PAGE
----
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‘Give Gallons’ milk program helps families and farmers

January 18, 2019

The primary food bank serving southeastern Connecticut families received a donation of more than 200 gallons of locally produced milk earlier this month. It was the first delivery of what’s expected to be a steady, weekly supply of milk intended to benefit the region’s needy families via the Gemma E. Moran United Way/Labor Food Bank.

North Stonington’s Terra Firma Farm launched its Give Gallons program as the new year began, a regional first. The program seeks to guarantee an ample supply of a food staple that otherwise is somewhat scarce at the food bank, which provides some 1.8 million meals and snacks annually to food pantries, meal sites, child care centers, shelters and programs for the elderly. Terra Firma’s goal is to provide 300 gallons a week, a goal farm owner Brie Casadei is confident soon will be met.

There’s much to like about this program that is being welcomed by food bank officials and supported by financial donations from many community members. First and foremost, it’s providing a needed food staple to those who may not otherwise be able to afford it. It also supports local dairy farms — the milk comes from Terra Firma and other local dairies — and connects farm supporters with the food bank and their neighbors in need.

Give Gallons is inspired by Feeding America’s Great American Milk Drive. Feeding America, the nation’s largest hunger-relief organization, says that while milk is one of the most requested items at food banks, it is rarely donated.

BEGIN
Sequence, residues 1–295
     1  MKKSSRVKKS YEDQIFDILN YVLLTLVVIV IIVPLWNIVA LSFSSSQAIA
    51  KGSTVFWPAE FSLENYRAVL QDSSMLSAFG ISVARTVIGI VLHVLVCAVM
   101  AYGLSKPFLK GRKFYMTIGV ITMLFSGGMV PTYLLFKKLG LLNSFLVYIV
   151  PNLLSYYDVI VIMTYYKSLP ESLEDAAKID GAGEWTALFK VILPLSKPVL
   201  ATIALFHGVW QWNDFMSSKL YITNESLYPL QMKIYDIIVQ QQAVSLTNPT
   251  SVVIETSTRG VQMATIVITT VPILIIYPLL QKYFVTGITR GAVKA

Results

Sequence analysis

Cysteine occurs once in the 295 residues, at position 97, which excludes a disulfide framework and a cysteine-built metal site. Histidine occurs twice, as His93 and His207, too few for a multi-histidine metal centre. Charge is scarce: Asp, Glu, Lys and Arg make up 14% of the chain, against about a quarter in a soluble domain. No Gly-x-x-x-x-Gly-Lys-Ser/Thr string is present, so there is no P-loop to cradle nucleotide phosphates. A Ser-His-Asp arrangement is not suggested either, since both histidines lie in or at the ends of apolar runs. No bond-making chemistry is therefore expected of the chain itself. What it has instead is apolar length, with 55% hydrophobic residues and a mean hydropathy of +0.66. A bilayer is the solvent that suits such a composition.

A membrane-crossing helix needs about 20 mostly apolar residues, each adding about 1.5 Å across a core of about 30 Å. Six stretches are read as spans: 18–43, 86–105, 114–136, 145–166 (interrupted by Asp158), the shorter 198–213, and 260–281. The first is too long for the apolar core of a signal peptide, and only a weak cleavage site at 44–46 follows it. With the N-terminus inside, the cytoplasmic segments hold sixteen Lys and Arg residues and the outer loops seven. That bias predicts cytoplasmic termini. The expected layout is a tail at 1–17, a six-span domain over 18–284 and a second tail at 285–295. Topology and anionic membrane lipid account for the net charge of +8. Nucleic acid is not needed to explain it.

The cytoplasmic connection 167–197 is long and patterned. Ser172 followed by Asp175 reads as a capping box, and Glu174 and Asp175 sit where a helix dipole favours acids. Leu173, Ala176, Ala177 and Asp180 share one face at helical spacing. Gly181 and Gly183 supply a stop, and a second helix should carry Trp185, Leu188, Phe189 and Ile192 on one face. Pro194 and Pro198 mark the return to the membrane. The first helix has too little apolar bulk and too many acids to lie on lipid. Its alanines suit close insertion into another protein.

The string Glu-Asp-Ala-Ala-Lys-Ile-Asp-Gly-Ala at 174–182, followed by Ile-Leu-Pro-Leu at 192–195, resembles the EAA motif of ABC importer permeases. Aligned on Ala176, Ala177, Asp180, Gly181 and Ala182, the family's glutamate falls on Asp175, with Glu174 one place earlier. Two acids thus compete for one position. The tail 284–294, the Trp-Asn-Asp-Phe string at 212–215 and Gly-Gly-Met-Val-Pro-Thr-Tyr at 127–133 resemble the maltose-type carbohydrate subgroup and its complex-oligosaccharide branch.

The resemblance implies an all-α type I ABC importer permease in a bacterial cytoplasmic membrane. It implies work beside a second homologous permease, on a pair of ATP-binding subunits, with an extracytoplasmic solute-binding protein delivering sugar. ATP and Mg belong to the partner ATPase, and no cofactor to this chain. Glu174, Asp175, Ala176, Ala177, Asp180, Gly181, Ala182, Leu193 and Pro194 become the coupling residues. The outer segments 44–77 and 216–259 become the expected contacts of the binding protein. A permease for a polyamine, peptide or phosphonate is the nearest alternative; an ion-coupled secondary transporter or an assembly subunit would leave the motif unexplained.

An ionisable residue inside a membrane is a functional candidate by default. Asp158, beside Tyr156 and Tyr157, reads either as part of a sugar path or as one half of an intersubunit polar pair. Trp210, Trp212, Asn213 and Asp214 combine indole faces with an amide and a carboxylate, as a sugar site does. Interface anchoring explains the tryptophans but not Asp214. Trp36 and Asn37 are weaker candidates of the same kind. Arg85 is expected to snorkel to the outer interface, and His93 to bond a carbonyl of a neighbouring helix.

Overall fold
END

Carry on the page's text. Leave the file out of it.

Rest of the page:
Some food banks not equipped with refrigerators or freezers can’t accept perishable food items. Milk’s relatively short shelf life means that even those like the Gemma Moran Food Bank in New London, which is equipped to accept it, need a process for quick distribution. Several supermarkets in the region donate milk and other dairy products to the Gemma Moran center when the food is approaching its “sell by” date.

If successful, Give Gallons will provide not only a steadier supply of milk, but also a more ample one. It will ensure the milk that is donated is extremely fresh and has the longest possible shelf life. On the supply side, the program also will guarantee a predictable level of milk sales to local dairy farms.

It’s no secret Connecticut’s dairy farmers are struggling to survive. The Hartford Courant reported in June there are barely 100 dairy farms left in Connecticut and even more farmers have recently decided to sell their herds because of the high cost of farming in the state, declining milk prices and worries over trade policies that have some countries seeking to buy dairy products from markets other than the U.S.

While the local food movement is a lifeline for small farms, farming remains largely a labor of love in the state. Terra Firma is a non-profit community farm that is supported by local residents. It, in turn, provides community benefits such as children’s camps and educational programs, along with its farm products. Give Gallons is one more program through which the farm can extend its community support, Casadei said.

Americans on average drink 18 gallons of milk annually per person. Food banks, on average nationally, can supply just one gallon of milk per person annually. Those at the New London food bank say lower-income residents also often do not buy dairy products because the cost consumes a relatively large portion of their food budgets. Donors to Give Gallons, however, can provide a half gallon or more of milk with every $5 they give.

Because it’s helping farmers, because it’s helping families, Give Gallons is a program worthy of community support.